Paul Boutin in the new Wired about one of the more aggravating allegedly pro-little guy investment rules that keeps the "unaccredited" out of being able to help with, or be helped by, investing in pre-Initial Public Offering companies. The details, and colorful explanations of how the obscure Rule 501 of Regulation D is hurting your ability to help yourself, poor li'l investor:
Here's a hot stock tip: Buy Facebook. Sure, the company's valuation has bounced around over the past six years, but now it's believed to be around $20 billion and likely to keep climbing….
Oh, but wait: You can't. Facebook isn't a public company. The only people who can invest in it already are millionaires…..
Here's how the current system works: Even though no IPO is in sight, a company can still give contractors, advisers, and employees equity to keep them fat, happy, and working. But SEC rules limit the number of shareholders to 500. To get around this, talent can be granted something called restricted stock units, which they can get without being official shareholders. Then the contractors, consultants, and employees who leave the company can sell their vested stakes privately in what's called a secondary market….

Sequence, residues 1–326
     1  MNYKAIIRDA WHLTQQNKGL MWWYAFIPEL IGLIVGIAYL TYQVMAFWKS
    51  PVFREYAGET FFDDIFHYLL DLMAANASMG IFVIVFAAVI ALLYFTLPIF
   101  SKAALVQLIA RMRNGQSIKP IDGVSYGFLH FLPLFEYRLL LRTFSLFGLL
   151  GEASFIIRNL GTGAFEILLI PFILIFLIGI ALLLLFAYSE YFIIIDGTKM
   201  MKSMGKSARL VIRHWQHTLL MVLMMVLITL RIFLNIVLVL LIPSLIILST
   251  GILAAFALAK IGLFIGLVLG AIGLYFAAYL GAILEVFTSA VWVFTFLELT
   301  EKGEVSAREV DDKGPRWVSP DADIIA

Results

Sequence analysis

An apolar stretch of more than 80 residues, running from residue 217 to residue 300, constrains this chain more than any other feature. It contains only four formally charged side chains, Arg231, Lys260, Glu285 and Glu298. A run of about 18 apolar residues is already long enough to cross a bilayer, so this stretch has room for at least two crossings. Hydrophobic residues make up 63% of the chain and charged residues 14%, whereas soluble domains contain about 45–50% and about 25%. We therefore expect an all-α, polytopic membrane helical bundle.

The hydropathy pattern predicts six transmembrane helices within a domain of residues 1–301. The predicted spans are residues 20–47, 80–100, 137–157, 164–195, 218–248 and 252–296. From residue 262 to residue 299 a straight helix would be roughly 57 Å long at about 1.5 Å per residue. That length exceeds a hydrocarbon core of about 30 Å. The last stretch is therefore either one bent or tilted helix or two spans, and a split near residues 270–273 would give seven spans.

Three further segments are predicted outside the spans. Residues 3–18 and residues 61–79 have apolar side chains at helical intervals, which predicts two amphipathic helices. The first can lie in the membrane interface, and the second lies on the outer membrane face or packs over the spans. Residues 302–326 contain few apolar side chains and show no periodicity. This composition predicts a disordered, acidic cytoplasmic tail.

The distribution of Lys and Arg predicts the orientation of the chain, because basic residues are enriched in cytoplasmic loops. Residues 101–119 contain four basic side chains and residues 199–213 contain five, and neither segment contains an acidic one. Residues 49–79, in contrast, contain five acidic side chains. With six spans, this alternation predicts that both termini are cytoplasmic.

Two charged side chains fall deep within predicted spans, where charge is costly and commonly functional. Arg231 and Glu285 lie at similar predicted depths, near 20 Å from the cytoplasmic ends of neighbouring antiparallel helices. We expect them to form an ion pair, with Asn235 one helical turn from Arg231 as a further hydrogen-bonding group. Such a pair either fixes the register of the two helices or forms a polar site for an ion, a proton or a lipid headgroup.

But the Securities and Exchange Commission doesn't let just anyone buy shares in a corporation that hasn't gone public. Pre-IPO sales are limited to "accredited investors," people with a demonstrated net worth of $1 million or a yearly income of $200,000. It's been that way since 1982, when Rule 501 of Regulation D of the Securities Act went into effect….So who hasbought pre-IPO Facebook stock? A reported 10 percent of the company went to the Russian investment group Digital Sky Technologies, whose backers include one of that country's richest oligarchs. In other words, the extremely wealthy.
Today, Rule 501 does less to protect widows and orphans than it does to prevent risk-savvy investors from playing the secondary market. Sharp, up-to-the-minute financial advice is no longer beyond the reach of the middle class….
…..As part of the financial reform bill introduced by senator Chris Dodd of Connecticut, Congress even tried to raise the bar to $2.3 million in the bank or $450,000 of income. The plan was dropped only after the Angel Capital Association, a trade group of US startup investors, screamed that it would drive two-thirds of them out of business.
It's time to lower the bar: The pre-IPO market should let everyone in.